“Cowboy Carter”: Beyoncé shakes up country and seduces critics

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Critical praise is raining down on Beyoncé’s new album, “Cowboy Carter”, with its rich country influences in the form of a nod to the Texan roots of the global star, after its release on Friday.

• Read also: Dolly Parton invites you to listen to “Jolene” again before the release of Beyoncé’s cover

• Read also: Everything you need to know about “Act II Cowboy Carter”, Beyoncé’s new album

• Read also: With Beyoncé, black country singers finally highlighted

Second act of the “Renaissance” musical trilogy, the 27-track album pays a powerful tribute to black country culture, with a strong emphasis on dance, soul and hip-hop.

“No one will think for a moment that this sprawling ensemble follows a single, straight path or that it is boring for even a single moment,” writes Variety.

“It’s a bit as if Beyoncé took up some of the phases and evolutions that country has experienced, by redefining its boundaries — as music has always done,” adds the American specialist magazine.

While it is still too early to say that “Cowboy Carter” will explode to the top of the American music charts, there is little doubt about its commercial success.

His ode to dance, “Renaissance”, had already reached first place on the Billboard rankings upon its release in 2022.

Dusting off the genre

With this new album, the 42-year-old singer born in Houston, Texas, dusts off the image of country music reserved for white and male artists.

Because Beyoncé seems to take great pleasure in shaking up traditions. She thus plays the hip-hop and house cards on the title “Sweet Honey Buckiin’”, recalling the first act of “Renaissance”, also a snub to the purists, celebrating the African-American influence in electro.

Throughout the album, with songs that sound like celebration, freedom, letting go, the artist addresses motherhood, sex, love.

“It’s not just about what Beyoncé can do for country music, it’s about what her conception of country can do for her, expanding her musical empire and even her knowledge of herself , already well developed,” analyzes Variety.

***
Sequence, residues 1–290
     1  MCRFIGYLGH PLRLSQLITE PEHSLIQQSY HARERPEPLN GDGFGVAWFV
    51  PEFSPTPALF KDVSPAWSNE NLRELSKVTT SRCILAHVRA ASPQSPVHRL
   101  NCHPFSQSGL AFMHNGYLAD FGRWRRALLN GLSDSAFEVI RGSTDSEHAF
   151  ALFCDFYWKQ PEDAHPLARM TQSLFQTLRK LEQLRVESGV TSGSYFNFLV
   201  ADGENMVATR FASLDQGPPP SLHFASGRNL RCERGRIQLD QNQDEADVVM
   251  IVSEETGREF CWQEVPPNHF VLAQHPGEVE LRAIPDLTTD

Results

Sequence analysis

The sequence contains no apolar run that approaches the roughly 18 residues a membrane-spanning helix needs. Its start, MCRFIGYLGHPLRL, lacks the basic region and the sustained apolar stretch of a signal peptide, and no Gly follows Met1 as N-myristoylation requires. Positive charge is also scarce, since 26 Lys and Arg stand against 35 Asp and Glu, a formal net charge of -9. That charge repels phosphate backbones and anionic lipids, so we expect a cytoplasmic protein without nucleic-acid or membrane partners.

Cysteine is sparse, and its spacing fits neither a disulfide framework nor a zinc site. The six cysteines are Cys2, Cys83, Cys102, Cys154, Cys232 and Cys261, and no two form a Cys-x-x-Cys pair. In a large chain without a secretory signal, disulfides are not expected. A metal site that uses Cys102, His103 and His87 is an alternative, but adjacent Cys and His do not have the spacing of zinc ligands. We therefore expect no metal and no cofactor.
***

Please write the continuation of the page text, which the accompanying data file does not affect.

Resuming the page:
“The criticism that targeted me when I first set foot in (country music) forced me to exceed my own limits,” she wrote recently on Instagram. This new album “is the result of the challenges I set for myself and the time I took to twist and mix genres for this work”.

All with a cocktail of young stars like Miley Cyrus, Post Malone and Tanner Adell — but also icons of the old guard.

She covers, among others, the classic “Jolene” by absolute country star Dolly Parton and “Blackbird”, the Beatles’ song about nine black teenagers who became icons of the civil rights movement by integrating a high school reserved for white students. , in the southern United States.

Country giant Willie Nelson also makes an appearance.

Beyoncé, alias “Queen B”, known worldwide for titles like “Crazy in Love” or “Beautiful Liar”, mixes genres and history, like her title “Ya Ya”, a mixture of soul and psychedelic dance and who manages to cover both “These Boots Are Made For Walkin’” by Nancy Sinatra and the Beach Boys.

A tour de force. “With this endlessly entertaining project, she becomes a warrior for female and black pride and the beloved heart of radio,” writes Variety.

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